I've repeated your rear-window tuff testing with my 2003 (NHW11) Prius:
I'm seeing similar flow separation at the rear window. I'm looking forward to trying some 'home made' vortex generators.
This is a great website for the auto gearheads (me). I really enjoy reading your articles. I sense that you like the the Hondas, Toyotas etc. more than the VWs, Audis. I hope you will include more VWs, Audis, and other European cars in the very near future.
Btw VW was the 1st in the world to introduce 3L car, the Lupo. Not the Insight as you've claimed. Besides, the Lupo engine runs constantly to get that 3L/100 km. While the Insight's engine has to be helped with an electric motor to achieve the same fuel consumption.
The article on chasing down overheating issues (see
Chasing Overheating) is a very interesting and insightful piece offering some clever ways to combat temperature rise when idling and moving slowly in city traffic. It was especially intriguing to me, as my car, a '91 230E Mercedes- Benz, has the same tendency in traffic. Although thermostat opens fully at 87C, the fan cuts in at 100C, and it is usually a matter of 10 minutes or less in a standstill to reach the 100 mark and stay there.
I think however ingenius the approaches described to combat rise in temperature are, they do not address the reason for this temperature rise. Making a 380 "stroker" out of the 308 V8, effectively raises static compression from 9.7:1 for the original to somewhere around 12:1, unless the combustion chamber was also modified to keep this 9.7:1 ratio. When compresison is raised, the igntion process should be more thermally efficient, according to commonsense, however ignition advance should be revised, and higher octane requirements should be considered. Or am I wrong? In effect the temperature should have gone down with revised timing and higher octane fuel, but instead it went up. As I am using an alternative LPG fuel system,I have noticed that on my car, setting the mixture differently also plays a role on coolant temperature - with leaner LPG mixtures giving lower coolant temperatures, and richer giving a faster temp rise when idling.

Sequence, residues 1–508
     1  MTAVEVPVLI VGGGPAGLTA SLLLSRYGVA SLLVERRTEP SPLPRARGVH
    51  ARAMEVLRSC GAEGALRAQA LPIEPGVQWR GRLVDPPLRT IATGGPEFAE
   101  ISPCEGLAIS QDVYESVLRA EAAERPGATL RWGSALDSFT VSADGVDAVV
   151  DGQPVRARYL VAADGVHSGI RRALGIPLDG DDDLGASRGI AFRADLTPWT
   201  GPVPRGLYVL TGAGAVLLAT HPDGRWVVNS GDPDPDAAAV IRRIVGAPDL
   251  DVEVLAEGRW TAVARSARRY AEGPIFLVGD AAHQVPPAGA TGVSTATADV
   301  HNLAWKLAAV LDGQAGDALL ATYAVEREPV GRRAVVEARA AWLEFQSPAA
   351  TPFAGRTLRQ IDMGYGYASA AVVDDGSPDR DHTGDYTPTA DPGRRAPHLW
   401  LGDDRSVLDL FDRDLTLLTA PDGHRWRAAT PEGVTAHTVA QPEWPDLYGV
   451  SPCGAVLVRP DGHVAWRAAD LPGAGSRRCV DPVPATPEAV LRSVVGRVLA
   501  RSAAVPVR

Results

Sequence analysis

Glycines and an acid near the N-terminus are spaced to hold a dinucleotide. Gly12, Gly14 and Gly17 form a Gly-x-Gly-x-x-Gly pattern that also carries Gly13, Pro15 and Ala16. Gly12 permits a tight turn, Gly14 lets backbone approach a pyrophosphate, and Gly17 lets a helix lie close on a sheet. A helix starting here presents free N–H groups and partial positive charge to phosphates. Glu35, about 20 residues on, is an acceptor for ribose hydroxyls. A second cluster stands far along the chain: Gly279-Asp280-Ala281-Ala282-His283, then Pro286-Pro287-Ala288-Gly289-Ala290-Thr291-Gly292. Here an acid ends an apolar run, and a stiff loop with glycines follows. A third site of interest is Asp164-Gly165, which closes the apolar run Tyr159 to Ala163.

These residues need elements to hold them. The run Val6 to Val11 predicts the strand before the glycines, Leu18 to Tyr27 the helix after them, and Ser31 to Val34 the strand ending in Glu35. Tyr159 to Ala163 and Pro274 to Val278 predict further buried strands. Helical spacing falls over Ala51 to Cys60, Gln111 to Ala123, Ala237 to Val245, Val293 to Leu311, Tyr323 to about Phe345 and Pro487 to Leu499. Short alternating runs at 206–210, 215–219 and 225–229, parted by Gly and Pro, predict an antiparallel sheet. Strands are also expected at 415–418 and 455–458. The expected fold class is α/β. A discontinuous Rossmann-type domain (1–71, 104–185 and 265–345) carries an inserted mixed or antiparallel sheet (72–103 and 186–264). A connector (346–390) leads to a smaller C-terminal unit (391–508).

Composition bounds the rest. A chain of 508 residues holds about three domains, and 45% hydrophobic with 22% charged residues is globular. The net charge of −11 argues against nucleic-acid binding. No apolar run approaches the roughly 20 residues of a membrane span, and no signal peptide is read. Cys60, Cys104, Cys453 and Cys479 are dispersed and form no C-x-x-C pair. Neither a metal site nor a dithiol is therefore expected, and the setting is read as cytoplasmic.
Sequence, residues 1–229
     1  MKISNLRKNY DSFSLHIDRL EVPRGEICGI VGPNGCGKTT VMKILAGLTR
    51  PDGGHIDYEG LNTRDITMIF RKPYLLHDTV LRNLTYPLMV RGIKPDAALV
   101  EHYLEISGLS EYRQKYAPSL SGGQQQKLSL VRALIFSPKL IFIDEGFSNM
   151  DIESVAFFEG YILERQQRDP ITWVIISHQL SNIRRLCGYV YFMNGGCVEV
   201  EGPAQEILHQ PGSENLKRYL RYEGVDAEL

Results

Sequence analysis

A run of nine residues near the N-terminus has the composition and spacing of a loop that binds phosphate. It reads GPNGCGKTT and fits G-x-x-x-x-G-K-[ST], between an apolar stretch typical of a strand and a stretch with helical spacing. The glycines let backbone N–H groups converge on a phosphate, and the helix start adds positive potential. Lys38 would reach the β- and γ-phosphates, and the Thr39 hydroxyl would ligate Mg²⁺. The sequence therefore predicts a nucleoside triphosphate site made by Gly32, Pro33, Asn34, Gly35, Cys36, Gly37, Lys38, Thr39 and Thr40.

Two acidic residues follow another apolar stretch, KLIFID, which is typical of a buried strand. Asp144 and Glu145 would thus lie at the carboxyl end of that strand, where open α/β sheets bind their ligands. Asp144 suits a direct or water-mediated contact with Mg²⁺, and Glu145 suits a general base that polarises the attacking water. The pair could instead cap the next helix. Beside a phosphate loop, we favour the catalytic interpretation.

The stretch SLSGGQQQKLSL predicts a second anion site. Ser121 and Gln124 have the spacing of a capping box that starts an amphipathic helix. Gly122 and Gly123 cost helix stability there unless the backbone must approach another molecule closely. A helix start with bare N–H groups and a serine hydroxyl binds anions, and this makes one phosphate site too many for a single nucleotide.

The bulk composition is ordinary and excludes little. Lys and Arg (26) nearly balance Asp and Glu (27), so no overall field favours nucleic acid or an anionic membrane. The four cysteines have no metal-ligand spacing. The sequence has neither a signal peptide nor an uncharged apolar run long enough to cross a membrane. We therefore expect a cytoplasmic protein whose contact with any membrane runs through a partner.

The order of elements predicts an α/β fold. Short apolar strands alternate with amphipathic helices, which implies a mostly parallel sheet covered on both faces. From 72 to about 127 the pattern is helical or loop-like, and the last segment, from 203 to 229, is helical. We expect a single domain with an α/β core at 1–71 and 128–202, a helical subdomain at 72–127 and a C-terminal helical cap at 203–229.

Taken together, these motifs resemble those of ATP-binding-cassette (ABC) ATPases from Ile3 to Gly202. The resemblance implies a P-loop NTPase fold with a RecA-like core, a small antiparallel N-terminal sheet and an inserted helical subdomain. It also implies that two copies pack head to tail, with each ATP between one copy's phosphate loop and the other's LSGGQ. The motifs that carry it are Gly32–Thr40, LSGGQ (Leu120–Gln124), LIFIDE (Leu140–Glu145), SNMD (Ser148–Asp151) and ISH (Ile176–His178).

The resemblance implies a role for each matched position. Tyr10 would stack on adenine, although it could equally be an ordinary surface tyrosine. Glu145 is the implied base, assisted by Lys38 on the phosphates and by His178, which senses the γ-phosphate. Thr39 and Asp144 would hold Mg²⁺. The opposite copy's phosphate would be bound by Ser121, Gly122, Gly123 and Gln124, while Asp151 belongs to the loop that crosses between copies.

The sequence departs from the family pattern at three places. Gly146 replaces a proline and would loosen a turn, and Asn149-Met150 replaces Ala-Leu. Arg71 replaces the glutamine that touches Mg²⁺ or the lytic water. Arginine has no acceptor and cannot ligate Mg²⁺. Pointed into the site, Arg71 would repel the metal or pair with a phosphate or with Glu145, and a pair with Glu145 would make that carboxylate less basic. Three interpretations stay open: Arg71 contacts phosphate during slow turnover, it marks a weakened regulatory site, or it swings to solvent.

It would be interesting for me and for other readers as well I believe if you could elaborate on this "hot" topic. :)
Graham Pring replies: The compression ratio of the two motors was almost the same as low compression pistons were used in the stroker motor. I run premium unleaded petrol and 98 octane if available. The mixtures run stoichiometric at idle. The ignition timing was set to give minimum exhaust gas emissions and left there. An Idle Air Control motor keeps a constant idle speed.
chasing overheating - chasing overheating
hi mate, great article. only things i like to add is you missed some issues with the thermo fan.
a) it didnt have its own shroud (so the article shows). so a percentage of air in the engine bay would be circuilated by it, instead of all its CFM force being pulled through the radiator. So efficiency will be down there as well.
b) use a radiator shroud to "box" the entire radiator core to the thermo. this again improves efficency of the thermo as air is being pulled through 100% of the radiator core as apposed to the round dot the thermo fan foot print would have against the radiator core.
Graham Pring replies: All versions of the fans have been sealed against the radiator and had shrouds on. Photos taken may not have the shrouds in place to show the fan more clearly.
I have just read the article on the DS Citroen
The Amazing Citroen DS. I wish to point out that the 1968 DS21 of Lucien Bianchi and Jean Claude Ogier was not forced out of the London -Sydney Marathon by mechanical problems as was stated in this article. It was in fact deliberately rammed by a Morris Mini Minor that had no business being on the closed road. Bianchi and Ogier in fact were so far ahead of the field that no one could have caught them, and at Nowra where the "accident" occured had a little over 100 Kilometres left to the finish line.